In last week’s Wednesday’s Words, I made a casual reference to our cat window and racoons that I’ve been asked about. Despite the fact that this represents something I’m not very proud of, I decided that I should satisfy people’s curiosity about the matter.
I consider myself a fairly intelligent woman. I went to university, and I never got a grade under a B plus. I exercise my brain regularly – not only through my profession which requires me to research, and then construct plots that work and characters that enchant. But I also do various hand to eye co-ordination, puzzle, and strategy games.
My motto is use it or lose it, and while my body seems determined to be on a downward slope, I’ll be damned if my brain will be.
But every once in a while, and usually about the time I’m feeling rather proud of myself and my abilities and accomplishments, I demonstrate that mentally speaking, it’s possible I’m not all that high up on the food chain after all.
We have a cat window. When we purchased this cat window, my beloved installed it into a piece of finished pine, and cut that piece of pine to fit our small kitchen window—the one beside the back door, and adjacent to the kitchen counter. He then further installed another piece of that finished pine as a “shelf”, so that the cat could have a place to stand going out, or coming in, that was quite a bit wider than the window sill it covered.
You know how real estate sales people are known for saying, “location, location, location”? Well, that kitchen counter close to the cat window—that is where we have always had the cat’s kibble dish.
It’s an out of the way place, and it’s off the floor—because as we’ve always had cats, so too, we’ve always had dogs.
Word had apparently gotten around the animal neighborhood that there was a twenty-four seven restaurant, with easy access and reasonable prices—free. From time to time, when we had our last cat—Boots, and my daughter’s cat, Crash, we would also find ourselves entertaining “interloper kitties”. I don’t mean the one we have one on a regular basis. His name is MoJo and he used to be my daughter’s cat, too. He would come from time to time for food and cream and treats. Still does, in fact.
But there were other “interloper” kitties, some I’d never seen before. I’d hear the cat window, know my cats were indoors and asleep, and look into the kitchen to see an unfamiliar cat chowing down on Meow Mix. I never really minded that too much. Our old dog, Rochie, would sometimes object most vociferously. Sometimes the cats would too. But when they did, or the instant either my beloved or I came into the kitchen, the guest cat would leave, post-haste.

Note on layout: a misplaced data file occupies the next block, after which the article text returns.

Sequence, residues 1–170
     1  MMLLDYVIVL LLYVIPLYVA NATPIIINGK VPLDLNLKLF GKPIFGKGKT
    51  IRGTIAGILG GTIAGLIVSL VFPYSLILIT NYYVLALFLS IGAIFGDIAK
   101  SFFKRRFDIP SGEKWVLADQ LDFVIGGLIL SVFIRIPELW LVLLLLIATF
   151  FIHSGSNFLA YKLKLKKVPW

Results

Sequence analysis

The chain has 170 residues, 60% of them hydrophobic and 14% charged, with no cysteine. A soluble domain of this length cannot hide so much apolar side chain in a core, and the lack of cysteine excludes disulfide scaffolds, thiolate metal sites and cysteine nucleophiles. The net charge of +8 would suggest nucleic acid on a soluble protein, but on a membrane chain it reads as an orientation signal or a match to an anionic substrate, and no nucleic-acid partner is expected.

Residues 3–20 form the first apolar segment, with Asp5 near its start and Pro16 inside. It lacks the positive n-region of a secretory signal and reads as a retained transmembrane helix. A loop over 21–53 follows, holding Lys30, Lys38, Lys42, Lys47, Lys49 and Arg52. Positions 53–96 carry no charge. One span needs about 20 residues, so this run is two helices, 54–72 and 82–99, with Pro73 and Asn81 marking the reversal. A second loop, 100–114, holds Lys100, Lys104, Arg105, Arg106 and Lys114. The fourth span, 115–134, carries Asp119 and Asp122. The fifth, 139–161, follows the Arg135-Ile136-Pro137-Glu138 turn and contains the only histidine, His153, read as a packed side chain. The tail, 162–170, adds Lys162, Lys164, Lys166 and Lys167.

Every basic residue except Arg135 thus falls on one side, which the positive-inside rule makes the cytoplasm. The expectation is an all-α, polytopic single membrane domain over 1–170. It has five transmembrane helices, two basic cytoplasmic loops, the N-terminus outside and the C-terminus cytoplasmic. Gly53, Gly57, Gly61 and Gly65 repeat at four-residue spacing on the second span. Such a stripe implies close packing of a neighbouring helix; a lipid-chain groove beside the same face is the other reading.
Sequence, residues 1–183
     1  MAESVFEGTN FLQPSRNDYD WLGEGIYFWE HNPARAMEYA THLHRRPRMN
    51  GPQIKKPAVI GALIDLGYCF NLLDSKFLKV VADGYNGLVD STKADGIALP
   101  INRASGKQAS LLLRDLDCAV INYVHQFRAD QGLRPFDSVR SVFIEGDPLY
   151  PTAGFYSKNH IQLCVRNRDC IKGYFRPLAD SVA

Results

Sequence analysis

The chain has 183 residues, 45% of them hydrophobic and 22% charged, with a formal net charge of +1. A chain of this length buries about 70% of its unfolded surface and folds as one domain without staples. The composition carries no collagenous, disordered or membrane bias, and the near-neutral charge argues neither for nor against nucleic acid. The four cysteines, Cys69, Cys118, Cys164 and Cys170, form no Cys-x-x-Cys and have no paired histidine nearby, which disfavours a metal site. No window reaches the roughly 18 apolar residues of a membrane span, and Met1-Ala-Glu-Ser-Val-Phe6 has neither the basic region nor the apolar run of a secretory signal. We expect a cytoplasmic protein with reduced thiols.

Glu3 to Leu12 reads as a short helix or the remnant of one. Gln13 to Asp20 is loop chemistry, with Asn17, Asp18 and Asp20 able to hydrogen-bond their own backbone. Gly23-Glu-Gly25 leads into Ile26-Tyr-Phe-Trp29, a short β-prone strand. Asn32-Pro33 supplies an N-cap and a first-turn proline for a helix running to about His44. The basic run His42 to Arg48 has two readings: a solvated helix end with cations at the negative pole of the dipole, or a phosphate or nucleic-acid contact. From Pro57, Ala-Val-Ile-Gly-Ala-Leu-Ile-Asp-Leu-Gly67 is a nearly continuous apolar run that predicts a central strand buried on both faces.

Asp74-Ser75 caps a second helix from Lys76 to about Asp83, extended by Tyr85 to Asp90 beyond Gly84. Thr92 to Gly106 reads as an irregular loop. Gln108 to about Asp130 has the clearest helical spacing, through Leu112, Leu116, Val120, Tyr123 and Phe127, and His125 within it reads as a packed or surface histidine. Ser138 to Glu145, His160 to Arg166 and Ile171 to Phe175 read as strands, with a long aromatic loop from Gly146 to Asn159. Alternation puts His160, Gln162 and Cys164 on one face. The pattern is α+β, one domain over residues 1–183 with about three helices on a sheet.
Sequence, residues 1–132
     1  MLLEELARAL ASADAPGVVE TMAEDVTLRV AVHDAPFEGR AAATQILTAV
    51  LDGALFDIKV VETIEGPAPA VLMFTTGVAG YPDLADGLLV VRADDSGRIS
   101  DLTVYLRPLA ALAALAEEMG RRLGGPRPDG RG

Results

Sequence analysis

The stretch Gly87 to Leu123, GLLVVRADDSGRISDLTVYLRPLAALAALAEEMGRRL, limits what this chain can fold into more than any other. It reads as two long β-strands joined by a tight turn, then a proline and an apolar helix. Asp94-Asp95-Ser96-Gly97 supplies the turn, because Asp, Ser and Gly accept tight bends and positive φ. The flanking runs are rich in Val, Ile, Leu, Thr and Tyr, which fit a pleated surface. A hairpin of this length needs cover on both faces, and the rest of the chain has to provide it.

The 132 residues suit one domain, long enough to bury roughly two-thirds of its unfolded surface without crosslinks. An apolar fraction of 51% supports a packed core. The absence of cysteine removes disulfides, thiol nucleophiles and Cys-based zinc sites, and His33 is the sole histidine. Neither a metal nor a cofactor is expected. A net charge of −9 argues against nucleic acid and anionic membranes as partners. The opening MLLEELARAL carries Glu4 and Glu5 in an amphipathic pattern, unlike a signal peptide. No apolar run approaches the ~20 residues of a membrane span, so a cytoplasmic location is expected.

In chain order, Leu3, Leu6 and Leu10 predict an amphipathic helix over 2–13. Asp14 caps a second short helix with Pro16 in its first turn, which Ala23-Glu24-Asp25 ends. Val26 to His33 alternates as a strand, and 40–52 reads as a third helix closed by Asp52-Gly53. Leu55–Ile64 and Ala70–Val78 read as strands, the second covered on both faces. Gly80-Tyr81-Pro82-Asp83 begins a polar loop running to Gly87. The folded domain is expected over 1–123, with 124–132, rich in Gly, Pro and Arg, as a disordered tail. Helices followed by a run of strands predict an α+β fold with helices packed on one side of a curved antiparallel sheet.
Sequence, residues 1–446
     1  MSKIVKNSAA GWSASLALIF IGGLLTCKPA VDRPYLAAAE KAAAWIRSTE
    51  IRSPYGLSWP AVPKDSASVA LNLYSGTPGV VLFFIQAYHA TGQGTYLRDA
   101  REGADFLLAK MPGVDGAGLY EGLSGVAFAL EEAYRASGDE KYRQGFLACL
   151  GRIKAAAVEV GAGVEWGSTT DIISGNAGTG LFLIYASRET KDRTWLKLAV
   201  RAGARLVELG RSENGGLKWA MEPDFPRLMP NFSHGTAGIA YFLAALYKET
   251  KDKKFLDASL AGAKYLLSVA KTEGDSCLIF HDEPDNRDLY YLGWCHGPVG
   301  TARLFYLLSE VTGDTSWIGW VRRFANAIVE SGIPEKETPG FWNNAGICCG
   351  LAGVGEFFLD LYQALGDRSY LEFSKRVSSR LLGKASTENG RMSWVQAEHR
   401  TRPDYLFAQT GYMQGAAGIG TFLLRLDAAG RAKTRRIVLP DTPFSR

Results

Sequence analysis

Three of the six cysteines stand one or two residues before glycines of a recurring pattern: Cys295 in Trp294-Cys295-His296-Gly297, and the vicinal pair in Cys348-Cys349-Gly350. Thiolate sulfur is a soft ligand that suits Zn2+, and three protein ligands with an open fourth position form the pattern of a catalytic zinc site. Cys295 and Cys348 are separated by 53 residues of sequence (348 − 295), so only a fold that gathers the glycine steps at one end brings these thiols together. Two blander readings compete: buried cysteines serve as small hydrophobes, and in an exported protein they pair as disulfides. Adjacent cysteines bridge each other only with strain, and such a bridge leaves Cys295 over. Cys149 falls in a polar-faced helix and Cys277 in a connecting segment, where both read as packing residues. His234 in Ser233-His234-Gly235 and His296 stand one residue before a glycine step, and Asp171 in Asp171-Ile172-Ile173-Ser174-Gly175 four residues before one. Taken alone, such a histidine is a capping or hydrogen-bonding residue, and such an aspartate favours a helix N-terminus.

Then we lost our old kitties, who are waiting at the rainbow bridge for us, became inheritors of our new kitty who chose us to live with, and of course, we got Mr. Tuffy.
Mr. Tuffy takes great exception to other animals coming into the house. When MoJo pops in, we have to keep the dog in arms until the kitty is finished with his tuna, cream, and treats. Not a problem really, and it’s been a long time since there has been any other cats dining at Chez Ashbury.
But cats aren’t the only feral night creatures looking for an easy meal. One night, I got out of bed—the dog hadn’t even awakened—and headed to the bathroom.
I heard the sound of the cat window swing wide and loud—and I thought, oh, a kitty! I went to the door to look out the window, and it wasn’t a kitty that glared back at me for so rudely interrupting it’s feast. It was a racoon!
After I made sure the cat was in, I “blocked” that cat window. And did so the next night. I used a seven kilogram tub of cat litter, and felt secure. Until the next morning, when I discovered the litter on the floor, the cat food dish empty—and the lid pried of the plastic container containing the dog’s kibble bag, the bag taken out, slashed, and emptied, too.
I frantically looked for and tried out other methods to “block” the cat window—there was no latch, of course. That had broken off years before. What to do, what to do? I didn’t want a racoon coming into my house!
And then it suddenly occurred to me. I went over to the window where the cat window had been installed, lifted it...and pulled out the insert.
Friends, I stood there, window closed, insert in hand, and thought of all the stormy cold winter days over the last decade or so, when I’d tried to block the wind with one method or another, and wished I could do so much more effectively.
Nope, I’m afraid I’m not very high up on the food chain at all.